Monday, August 29, 2011

What Interim Maintenance II looks like

I have just realized that I haven’t written much about Joel’s current set of treatments (Interim Maintenance II).  He has had a nice break from being pummeled with chemicals.  First he was delayed two and a half weeks because of the clot and his low blood counts.  Then on August 19th he only got half his chemo.  They decided to skip that dose of Peg-Asparagines and the spinal completely and they will not be making them up at a later day.   This has allowed Joel’s counts to recover very nicely which is good because he is now fighting a cough.
Joel started treatment on Friday, August 19th.  We had a good long chat with Dr. David.  We hung out in the teen lounge with S____ who was getting his very last spinal and his huge extended family.  He only has one more month of Maintenance treatment and then his family is planning a huge celebration party.  It was nice to see someone who is almost at the end of this journey.  Just as we were leaving we ran into N____ and his family.  He has just had a relapse and neither Joel nor I recognized him at first.  We had lived at Ronald MacDonald House with their family all thru Christmas and the spring.  The last time we had seen N_____ he was in remissions and was going home for good.  It broke my heart and I still don’t know how to process the extremes of that day.
This set of treatment takes about 58 days and Joel will be getting increasing doses of methotrexate every 10 days as long as his counts don’t get too low.  If the counts start to drop, he will still get the methotrexate treatment on the designated days but it will stay at a consistent dose and not be increased.  He will also be getting a dose of vincristine on those days.  On September 8th he will have another CT scan and if everything looks good then he will get the Peg-asparagines on the 9th.  On the 28th they will also do a spinal along with the regular chemo.  On October 8th he will get the last escalating dose of Methotrexate and a dose of vincristine in Kelowna.  Then he gets a 15-day break until he starts Delayed Intensification II Therapy on October 24th or later if his counts need longer to recover.  There is no oral chemo during these next few weeks, just the septra every Tuesday, Wednesday and Thursday.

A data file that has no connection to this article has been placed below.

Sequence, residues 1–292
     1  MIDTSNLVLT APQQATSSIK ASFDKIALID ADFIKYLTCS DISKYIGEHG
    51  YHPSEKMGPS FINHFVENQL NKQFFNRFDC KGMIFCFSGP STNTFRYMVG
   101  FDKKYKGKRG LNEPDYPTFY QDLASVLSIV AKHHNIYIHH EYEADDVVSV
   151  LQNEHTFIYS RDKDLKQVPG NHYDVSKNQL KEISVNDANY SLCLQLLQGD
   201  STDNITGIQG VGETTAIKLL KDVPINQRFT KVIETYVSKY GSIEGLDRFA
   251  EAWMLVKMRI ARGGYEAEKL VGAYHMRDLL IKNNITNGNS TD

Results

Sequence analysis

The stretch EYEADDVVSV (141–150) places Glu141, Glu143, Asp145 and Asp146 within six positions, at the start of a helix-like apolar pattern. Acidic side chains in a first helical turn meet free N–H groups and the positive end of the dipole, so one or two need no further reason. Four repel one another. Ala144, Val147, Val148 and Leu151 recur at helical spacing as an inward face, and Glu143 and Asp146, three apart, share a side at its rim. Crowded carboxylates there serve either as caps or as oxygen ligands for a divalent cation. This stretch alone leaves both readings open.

Today he has gone to Kelowna where he is getting methotrexate and vincristine.  He will come home and take a few medications to help him deal with the side effects.  Hopefully he will sleep it all off over the next day or two and then he will have another week of fun at home with family and friends.  We are hoping to check out the fair on Wednesday but Joel has already said that he is NOT going on any rides.

I refilled Joel’s enoxaparin this week.  It seems funny to me but the price of the prescriptions seems to change every time I get them filled.  This time the total was only $680.40.  Fair Pharmacare paid $ 471.94, Blue Cross paid $207.46 and we paid $1.00.  Last time the total was $730.40.   Fair Pharmacare paid $105.79, Blue Cross paid $622.61 and we paid $2.00.  I don’t have a clue how it all works, I am just very thankful for the medical coverage that we get.
All the chemo is fully covered by medical, which I have learned is a very good thing. Joel often gets four separate types of chemo in one day, along with daily oral chemo and sometimes he has to go in up to 4 days a week for chemo treatments.  Some comes in needles to be pushed in to muscle or spinal fluid.  Sometimes it comes in bags and gets attached to his port so that it can flow directly into his heart.  It often comes in small bags, some in huge bags; some need to be followed up by lots of IV fluids. Most chemo is a clear fluid; some is glow in the dark yellow, some red, blue, green, even purple.  I do not know the cost of most but I have been told that the purple one cost a quarter of a million dollars per dose.  We tease Joel that when this is all said and done, he will be worth a fortune.  He is just not quite sure how to market it yet.

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